The bronze St. Francis, patron saint of animals, was sculpted by Clara Huntington (Henry's daughter), cast in 1924-26, and bequeathed to the Huntington in 1965. Two other sculptures at the east side of the lily ponds were purchased by Mr. Huntington in 1910. One is a stone fountain ornament depicting a seahorse emerging from an acanthus leaf, and the other is a gothic vasque (stone basin) on eight columns from the 15th century.
After centuries of cultivation, today’s water lilies are a mixture of many cultivated kinds. They bloom in various hues from mid-spring through mid-autumn. Along the shores of the uppermost pond is the very same species of papyrus (Cyperus papyrus) that was used to make writing paper in ancient Egypt. Don’t miss the summer-flowering lotus (Nelumbo nucifera), which usually blooms in mid-July. First planted here in 1905, these magnificent relatives of the water lily unfurl pink and white flowers eight or nine inches wide.
West of the ponds is the conifer collection with several landmark trees, including one known to be the largest specimen in the United States: Taiwania cryptomerioides, a redwood relative native to Taiwan and China, planted about 1908. Another landmark, the Dawn Redwood (Metasequoia glyptostroboides), had been known only from fossils until the discovery of a living tree in 1948. Native to a small area of China, it is a relative of California’s coast redwood (Sequoia sempervirens).
Other notable trees to look for in this area are the araucarias, tall cone-bearing trees native to South America, the Pacific Islands, and Australia, and two groves of Montezuma Cypress (Taxodium mucronatum).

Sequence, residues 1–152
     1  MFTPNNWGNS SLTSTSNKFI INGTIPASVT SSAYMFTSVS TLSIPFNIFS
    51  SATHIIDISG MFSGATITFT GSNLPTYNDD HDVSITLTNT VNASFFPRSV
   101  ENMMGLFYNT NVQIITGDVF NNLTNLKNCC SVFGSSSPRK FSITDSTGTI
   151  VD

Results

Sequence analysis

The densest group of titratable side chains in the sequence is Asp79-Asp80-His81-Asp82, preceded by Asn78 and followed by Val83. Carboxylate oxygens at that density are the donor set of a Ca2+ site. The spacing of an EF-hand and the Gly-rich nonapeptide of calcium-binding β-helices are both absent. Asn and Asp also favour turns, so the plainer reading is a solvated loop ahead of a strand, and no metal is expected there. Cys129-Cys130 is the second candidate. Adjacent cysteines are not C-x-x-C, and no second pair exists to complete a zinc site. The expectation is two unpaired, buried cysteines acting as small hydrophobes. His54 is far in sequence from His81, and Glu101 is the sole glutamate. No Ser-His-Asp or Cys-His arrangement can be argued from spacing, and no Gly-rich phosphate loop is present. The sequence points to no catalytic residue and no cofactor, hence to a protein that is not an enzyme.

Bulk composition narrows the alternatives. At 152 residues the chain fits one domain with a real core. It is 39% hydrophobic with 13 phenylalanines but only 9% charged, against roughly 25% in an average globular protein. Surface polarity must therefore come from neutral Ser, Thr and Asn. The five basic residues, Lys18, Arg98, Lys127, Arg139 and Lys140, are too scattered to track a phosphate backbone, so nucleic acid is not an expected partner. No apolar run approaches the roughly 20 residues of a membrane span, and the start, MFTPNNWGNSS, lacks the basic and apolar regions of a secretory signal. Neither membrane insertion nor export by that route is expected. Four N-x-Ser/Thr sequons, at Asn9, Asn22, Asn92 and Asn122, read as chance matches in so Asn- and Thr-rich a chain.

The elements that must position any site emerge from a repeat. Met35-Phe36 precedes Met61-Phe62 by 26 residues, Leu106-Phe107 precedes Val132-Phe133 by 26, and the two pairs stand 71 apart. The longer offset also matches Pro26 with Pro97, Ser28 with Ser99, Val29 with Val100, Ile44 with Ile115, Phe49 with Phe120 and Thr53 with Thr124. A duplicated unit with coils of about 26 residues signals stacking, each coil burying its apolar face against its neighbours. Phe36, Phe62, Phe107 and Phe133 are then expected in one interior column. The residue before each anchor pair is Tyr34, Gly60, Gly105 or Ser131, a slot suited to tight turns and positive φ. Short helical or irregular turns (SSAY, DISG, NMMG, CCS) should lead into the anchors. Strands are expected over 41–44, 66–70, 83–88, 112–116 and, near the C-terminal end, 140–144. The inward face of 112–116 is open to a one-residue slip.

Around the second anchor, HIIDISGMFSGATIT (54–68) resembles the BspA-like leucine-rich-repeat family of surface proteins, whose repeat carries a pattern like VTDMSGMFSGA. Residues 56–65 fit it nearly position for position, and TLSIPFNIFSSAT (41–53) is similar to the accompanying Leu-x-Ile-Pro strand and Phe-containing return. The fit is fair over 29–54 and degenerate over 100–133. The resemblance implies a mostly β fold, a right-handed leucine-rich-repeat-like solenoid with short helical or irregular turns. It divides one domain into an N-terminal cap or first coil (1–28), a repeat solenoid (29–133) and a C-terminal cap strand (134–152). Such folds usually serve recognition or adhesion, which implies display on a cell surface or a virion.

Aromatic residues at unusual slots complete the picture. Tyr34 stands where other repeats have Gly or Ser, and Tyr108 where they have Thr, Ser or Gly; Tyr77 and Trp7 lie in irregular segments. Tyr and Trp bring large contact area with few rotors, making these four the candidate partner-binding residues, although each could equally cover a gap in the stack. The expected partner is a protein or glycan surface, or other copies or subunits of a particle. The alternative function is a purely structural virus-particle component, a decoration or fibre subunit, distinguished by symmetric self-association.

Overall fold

The Huntington grows more than seventy-five kinds of bamboo. Several species form dense groves and passages around the lily ponds. Most are clump-forming, which send out underground stems, called rhizomes, a short distance before sending up vertical stems; a few are running, which also send out underground stems but for a longer distance. Two large stands of Punting-pole and Beechey bamboo are prominent west of the lower ponds. Among the clumps of Beechey bamboo at the lower ponds is a specimen received in 1906 as one of Henry Huntington’s first garden acquisitions.
Conifers (gymnosperms) differ from flowering plants (angiosperms) in that their reproductive parts are in cones rather than flowers. Separate cones house the pollen (male reproductive cells) and the ovules (female reproductive cells). Conifers have wind-borne pollen and after fertilization the seeds are produced on the female cones. The Lily Ponds conifer collection aims to display a diversity of conifer genera, a theme that continues westward through the New Zealand collection and lower Australian Garden.
Bamboos are in the grass family, Poaceae. After bamboo culms emerge, they expand in height, not in diameter. Bamboos can reach their ultimate height in 2 to 4 months, depending upon the species. They flower infrequently and the same species will flower simultaneously wherever it occurs in the world. The Lily Ponds’ bamboos are mostly tropical and clumping and some are many decades old. Examples include Bambusa tuldoides, B. beecheyana, B. oldhamii, B. multiplex ‘Variegata’, Dendrocalamus brandesii (tallest species in the world), and Indocalamus tesselatus (largest leaves of bamboos).
Aquatic plants along the pond edges like wet roots but can tolerate flooding and short dry spells. Examples include Juncus, Phormium, swamp iris, Miscanthus, and dwarf papyrus. Emergent plants grow in shallow water with roots and part of stems underwater And leaves, stems, flowers, and seeds above water. Examples include water lilies and lotus. Free-floating plants are small, even tiny, and do not stay in one place. Their tiny roots do not reach the bottom of the pond. Examples include water hyacinth and water lettuce. Submerged plants grow entirely underwater and are rooted in the bottom mud. They can grow in shallow water if there is enough light